Cross-Cultural Assessment and Treatment

Subject CUMC90025 (2016)

Note: This is an archived Handbook entry from 2016.

Credit Points: 12.5
Level: 9 (Graduate/Postgraduate)
Dates & Locations:

This subject has the following teaching availabilities in 2016:

October, Parkville - Taught on campus.
Pre-teaching Period Start 26-Sep-2016
Teaching Period 24-Oct-2016 to 28-Oct-2016
Assessment Period End 18-Nov-2016
Last date to Self-Enrol 30-Sep-2016
Census Date 24-Oct-2016
Last date to Withdraw without fail 28-Oct-2016

Timetable can be viewed here. For information about these dates, click here.
Time Commitment: Contact Hours: 28 hours (5 intensive days)
Total Time Commitment:

170 hours


To enrol in this subject, you must be admitted in the Specialist Certificate in Cross-Cultural Conservation and Heritage (SC-CCCH). This subject is not available for students admitted in any other courses.

Corequisites: None
Recommended Background Knowledge: None
Non Allowed Subjects: None
Core Participation Requirements:

For the purposes of considering requests for Reasonable Adjustments under the Disability Standards for Education (Commonwealth 2005), and Students Experiencing Academic Disadvantage Policy, academic requirements for this subject are articulated in the Subject Overview, Objectives, Assessment and Generic Skills sections of this entry.

It is University policy to take all reasonable steps to minimise the impact of disability upon academic study, and reasonable adjustments will be made to enhance a student's participation in the University's programs. Students who feel their disability may impact on meeting the requirements of this course are encouraged to discuss this matter with the Student Equity and Disability Support Team:


School of Melbourne Custom Programs

Program Coordinator - Ms Pamela Salvo


Subject Overview:

This subject will examine a range of cultural objects, with various deterioration and preservation issues. Using participant-led discussion and teacher-led investigation, students will provide input from their particular cultural perspective as to possible best practice and effective treatment options for the longer term conservation of the object. Students will also learn to contextualise particular examples within broader knowledge-sharing principles that are central to cross-cultural conservation practices. Basic conservation treatment decision-making will be examined and this will require students to consider the complexity of intervention and the impact of cross-cultural decision making where senior knowledge may be cultural, academic or professional. Students will then undertake basic treatment of an object.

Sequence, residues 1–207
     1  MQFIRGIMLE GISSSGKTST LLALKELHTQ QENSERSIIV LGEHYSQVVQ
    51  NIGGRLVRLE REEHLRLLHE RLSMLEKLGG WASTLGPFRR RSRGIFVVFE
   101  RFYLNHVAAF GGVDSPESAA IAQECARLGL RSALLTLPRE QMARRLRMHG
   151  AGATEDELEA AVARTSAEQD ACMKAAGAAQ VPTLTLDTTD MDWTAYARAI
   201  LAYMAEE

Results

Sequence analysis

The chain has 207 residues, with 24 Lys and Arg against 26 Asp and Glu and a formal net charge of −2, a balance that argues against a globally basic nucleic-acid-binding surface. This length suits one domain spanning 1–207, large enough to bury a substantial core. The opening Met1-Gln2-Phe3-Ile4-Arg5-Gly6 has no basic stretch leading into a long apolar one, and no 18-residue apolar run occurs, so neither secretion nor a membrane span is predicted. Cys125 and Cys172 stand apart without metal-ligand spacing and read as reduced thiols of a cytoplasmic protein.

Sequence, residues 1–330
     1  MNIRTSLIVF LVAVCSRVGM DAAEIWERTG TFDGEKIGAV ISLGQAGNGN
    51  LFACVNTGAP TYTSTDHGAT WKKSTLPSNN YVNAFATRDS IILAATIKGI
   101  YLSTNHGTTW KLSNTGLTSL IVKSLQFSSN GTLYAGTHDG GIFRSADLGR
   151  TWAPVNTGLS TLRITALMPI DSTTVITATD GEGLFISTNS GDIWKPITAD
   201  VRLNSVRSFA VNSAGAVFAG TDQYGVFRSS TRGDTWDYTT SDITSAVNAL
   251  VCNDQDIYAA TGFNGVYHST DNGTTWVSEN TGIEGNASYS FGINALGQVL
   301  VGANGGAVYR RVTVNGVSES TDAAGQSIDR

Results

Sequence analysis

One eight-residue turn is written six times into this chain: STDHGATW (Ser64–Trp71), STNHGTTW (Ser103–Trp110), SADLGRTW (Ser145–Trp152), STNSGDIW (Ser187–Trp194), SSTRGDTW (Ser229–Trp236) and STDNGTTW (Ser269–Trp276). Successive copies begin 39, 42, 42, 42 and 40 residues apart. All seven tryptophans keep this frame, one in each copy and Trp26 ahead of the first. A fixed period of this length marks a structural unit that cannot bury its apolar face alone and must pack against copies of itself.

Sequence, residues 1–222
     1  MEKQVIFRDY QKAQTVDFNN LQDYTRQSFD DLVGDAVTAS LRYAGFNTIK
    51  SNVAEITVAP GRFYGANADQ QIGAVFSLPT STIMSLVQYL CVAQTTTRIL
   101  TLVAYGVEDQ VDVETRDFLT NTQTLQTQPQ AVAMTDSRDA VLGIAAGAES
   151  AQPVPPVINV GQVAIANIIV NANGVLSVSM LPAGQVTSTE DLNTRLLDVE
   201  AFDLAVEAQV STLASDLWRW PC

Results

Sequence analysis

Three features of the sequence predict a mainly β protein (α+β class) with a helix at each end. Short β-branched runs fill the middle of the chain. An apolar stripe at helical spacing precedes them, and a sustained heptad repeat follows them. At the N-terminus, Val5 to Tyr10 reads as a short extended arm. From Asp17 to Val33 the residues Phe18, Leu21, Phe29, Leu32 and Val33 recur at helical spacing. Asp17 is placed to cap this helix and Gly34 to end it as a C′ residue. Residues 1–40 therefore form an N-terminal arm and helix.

Learning Outcomes:
  • Understand the role and value of cultural material as the basis for developing cross-cultural dialogue and understanding.
  • Become familiar with selected methods of construction of cultural material and be able to extrapolate this knowledge to other materials and practices.
  • Be able to identify problems with cultural materials and provide recommendations for care
  • Identify and discuss materials under consideration in objects presented to class.
  • Demonstrate best practice in the decision-making relevant to the treatment of cultural materials and associated heritage.
  • Articulate complex cultural issues involved in the treatment of objects and associated heritage.
  • Presentation (10 minutes with 5 minutes questions), due Day 2 (20%)
  • Practical demonstration of assessment of cultural item for treatment (team project) (20 minutes), due Day 3 (20%)
  • Oral and visual examination (30 minutes - ten questions), held Day 5 (30%)
  • Workbook (hurdle requirement - no word limit), to be completed daily and handed in one week after completion of teaching period (hurdle)
  • Completed treatment of an object including relevant paperwork (1000 words or 10 minutes media presenatation, or equivalent combination), to be completed one month after completion of teaching period (30%)
Prescribed Texts:

A subject reader will be available in the pre-teaching period.

Breadth Options:

This subject is not available as a breadth subject.

Fees Information: Subject EFTSL, Level, Discipline & Census Date
Generic Skills:
  • Develop strong research and research production skills that reflect complex cross-cultural decision-making.
  • Ability to contextualise complex knowledge and synthesis this into rigorous documentation and effective communication.
  • Ability to understanding how value and significance are assigned within other cultures, and that is transferable to other leaning environments (including in other cultures or other education and research programs).
  • Contribute to debates about culture and its significance.
Links to further information:
Related Course(s): Specialist Certificate in Cross-Cultural Conservation and Heritage

Download PDF version.